Make a Playlist.
Music has been proven to enhance performance when exercising and choosing the right songs per your taste in music will reduce your perceived effort. Picking music that not only is high-intensity but is also encouraging and offers an emotional connection will increase motivation. Endurance will be increased because your brain is focusing on the songs and the emotions that accompany them rather than the task at hand.
Grab a Friend.
Having a partner in crime to sweat with you and take part in your exercise routine results in higher levels of motivation and accountability. It’s a lot harder to push snooze on that alarm clock when you have a friend waiting for you at the gym or workout class. In general, we are much more motivated to exercise when we have someone else to push us and participate in some friendlycompetition. It is easy to encourage one another to do that last rep or run that last mile. It is easier to exercise when you are enjoying your time rather than looking at the clock and counting down the seconds. Taking a friend to the gym helps you with your motivation and will help them with theirs.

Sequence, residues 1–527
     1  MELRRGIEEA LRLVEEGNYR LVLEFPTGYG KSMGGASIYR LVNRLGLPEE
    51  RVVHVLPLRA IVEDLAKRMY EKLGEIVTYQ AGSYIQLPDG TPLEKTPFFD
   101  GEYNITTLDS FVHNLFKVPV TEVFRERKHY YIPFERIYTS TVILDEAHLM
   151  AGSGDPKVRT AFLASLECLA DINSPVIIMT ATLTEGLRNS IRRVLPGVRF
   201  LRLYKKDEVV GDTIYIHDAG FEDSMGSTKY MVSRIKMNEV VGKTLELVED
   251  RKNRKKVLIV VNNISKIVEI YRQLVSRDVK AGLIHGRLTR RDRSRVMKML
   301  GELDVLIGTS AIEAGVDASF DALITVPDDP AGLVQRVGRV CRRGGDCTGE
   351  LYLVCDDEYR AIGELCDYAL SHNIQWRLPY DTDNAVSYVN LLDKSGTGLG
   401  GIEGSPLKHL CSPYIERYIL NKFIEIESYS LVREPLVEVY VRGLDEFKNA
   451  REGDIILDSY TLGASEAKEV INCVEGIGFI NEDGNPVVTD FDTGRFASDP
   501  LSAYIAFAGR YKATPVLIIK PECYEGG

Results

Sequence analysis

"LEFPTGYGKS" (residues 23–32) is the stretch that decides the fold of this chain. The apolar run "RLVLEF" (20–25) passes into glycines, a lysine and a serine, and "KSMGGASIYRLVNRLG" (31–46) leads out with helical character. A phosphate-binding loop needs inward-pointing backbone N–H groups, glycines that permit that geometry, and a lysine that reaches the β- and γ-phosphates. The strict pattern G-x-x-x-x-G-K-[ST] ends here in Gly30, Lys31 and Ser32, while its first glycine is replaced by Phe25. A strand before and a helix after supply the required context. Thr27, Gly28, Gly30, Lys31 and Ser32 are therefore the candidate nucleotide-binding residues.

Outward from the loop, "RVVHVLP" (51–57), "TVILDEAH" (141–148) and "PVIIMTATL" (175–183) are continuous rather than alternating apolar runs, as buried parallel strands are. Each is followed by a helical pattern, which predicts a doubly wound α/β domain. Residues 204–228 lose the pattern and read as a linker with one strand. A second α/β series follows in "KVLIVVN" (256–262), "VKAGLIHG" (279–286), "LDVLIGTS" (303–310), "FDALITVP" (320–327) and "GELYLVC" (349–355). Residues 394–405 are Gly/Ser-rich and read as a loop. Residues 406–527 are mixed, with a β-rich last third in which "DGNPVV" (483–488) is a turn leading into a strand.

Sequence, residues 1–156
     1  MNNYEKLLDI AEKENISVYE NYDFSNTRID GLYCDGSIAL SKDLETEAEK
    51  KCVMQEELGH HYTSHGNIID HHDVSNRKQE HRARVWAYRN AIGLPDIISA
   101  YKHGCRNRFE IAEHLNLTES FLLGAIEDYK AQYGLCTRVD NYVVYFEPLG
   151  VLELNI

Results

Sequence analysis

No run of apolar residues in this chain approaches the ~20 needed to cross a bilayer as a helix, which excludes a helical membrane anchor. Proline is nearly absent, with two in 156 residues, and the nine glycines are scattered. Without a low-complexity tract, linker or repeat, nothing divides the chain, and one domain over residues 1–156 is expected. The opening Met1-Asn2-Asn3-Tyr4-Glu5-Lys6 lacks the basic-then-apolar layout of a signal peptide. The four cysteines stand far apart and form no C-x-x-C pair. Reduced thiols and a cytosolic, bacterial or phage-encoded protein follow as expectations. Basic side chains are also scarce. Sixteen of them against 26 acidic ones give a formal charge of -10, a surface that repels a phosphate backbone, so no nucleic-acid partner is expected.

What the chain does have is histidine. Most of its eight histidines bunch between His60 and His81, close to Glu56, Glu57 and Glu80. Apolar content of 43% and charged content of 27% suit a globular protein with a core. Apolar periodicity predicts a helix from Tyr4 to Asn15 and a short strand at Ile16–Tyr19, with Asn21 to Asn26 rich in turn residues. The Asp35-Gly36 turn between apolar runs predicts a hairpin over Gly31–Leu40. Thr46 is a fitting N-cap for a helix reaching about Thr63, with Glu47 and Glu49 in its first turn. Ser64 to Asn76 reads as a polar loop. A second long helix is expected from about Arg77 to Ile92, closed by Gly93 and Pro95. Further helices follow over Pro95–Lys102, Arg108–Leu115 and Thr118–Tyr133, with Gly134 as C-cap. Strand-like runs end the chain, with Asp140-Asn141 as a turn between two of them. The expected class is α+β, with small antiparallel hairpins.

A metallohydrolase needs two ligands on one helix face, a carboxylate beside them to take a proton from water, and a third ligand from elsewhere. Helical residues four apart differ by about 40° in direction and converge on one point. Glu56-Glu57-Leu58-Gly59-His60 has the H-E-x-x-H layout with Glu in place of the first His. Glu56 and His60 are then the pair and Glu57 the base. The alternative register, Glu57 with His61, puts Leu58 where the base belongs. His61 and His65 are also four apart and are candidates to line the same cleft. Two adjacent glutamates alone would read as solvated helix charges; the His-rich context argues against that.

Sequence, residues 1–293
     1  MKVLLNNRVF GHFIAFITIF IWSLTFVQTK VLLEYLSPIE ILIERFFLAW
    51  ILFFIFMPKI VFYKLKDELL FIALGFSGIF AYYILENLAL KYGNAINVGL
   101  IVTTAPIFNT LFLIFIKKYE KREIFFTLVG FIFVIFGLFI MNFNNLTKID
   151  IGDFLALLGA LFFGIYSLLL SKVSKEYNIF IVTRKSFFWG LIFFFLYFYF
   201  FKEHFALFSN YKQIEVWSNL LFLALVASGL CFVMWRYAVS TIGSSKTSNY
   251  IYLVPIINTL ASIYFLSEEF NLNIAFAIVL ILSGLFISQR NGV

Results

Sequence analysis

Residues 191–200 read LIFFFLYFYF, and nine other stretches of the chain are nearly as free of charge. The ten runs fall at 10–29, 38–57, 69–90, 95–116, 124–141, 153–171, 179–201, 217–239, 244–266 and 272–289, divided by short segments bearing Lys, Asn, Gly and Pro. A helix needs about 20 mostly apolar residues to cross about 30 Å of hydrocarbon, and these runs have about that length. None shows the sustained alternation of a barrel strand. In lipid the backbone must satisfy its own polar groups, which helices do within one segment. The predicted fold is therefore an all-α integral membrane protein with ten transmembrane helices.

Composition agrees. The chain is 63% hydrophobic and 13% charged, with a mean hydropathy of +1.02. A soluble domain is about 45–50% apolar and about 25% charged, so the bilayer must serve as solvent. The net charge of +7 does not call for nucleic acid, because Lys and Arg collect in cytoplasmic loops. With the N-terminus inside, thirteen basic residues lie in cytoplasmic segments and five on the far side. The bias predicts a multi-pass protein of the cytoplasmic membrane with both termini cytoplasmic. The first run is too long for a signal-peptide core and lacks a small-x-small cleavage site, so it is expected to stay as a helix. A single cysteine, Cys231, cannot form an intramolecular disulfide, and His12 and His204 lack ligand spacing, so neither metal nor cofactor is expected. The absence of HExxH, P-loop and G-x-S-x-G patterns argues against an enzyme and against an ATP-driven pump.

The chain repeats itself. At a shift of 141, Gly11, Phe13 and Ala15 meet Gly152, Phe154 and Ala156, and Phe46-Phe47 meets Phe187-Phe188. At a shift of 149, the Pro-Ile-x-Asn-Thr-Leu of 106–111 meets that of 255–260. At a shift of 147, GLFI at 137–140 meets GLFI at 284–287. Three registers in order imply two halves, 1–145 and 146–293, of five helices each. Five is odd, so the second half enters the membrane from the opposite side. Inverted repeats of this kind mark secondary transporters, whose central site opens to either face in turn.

Convenience is key.
We all wake up in the morning with a certain amount of willpower each day. It is important not to make things more difficult than they need to be and find ways to reduce our already stressful lives. Convenience in itself is an excellent motivator. Finding a gym near you, or making your own at-home gym, will make it easier for you to keep exercising regularly and make it less of a chore.
Use social media as a motivator.
We all use it one way or another. The internet is full of fitness networks for every stage of life. Virtual networks, much like the buddy-system we mentioned earlier, can help keep you motivated and increase that motivation over time. Good peer pressure does exist, as long as it is keeping you motivated and inspired. It keeps you accountable and links you with people going through your same struggles. It also gives you a wonderful support group where you can update one another on your progress and where you may need help.